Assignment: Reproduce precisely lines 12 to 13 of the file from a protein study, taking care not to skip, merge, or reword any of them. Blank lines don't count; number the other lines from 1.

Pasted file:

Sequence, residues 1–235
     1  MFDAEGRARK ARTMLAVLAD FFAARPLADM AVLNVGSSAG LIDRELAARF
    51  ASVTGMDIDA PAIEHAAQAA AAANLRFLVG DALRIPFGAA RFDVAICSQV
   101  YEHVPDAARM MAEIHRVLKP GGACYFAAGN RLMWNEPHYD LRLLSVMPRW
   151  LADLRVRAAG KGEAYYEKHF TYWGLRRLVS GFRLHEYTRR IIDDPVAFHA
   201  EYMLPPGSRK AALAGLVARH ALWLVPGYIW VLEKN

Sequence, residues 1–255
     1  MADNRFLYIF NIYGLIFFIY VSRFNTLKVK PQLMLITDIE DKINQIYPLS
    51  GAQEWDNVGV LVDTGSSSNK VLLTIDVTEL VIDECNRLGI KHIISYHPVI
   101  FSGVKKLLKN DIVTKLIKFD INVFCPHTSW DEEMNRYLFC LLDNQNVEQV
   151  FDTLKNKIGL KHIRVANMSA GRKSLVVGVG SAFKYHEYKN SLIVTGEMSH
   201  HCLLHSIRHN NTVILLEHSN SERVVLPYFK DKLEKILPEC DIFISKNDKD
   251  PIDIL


   201  HCLLHSIRHN NTVILLEHSN SERVVLPYFK DKLEKILPEC DIFISKNDKD
   251  PIDIL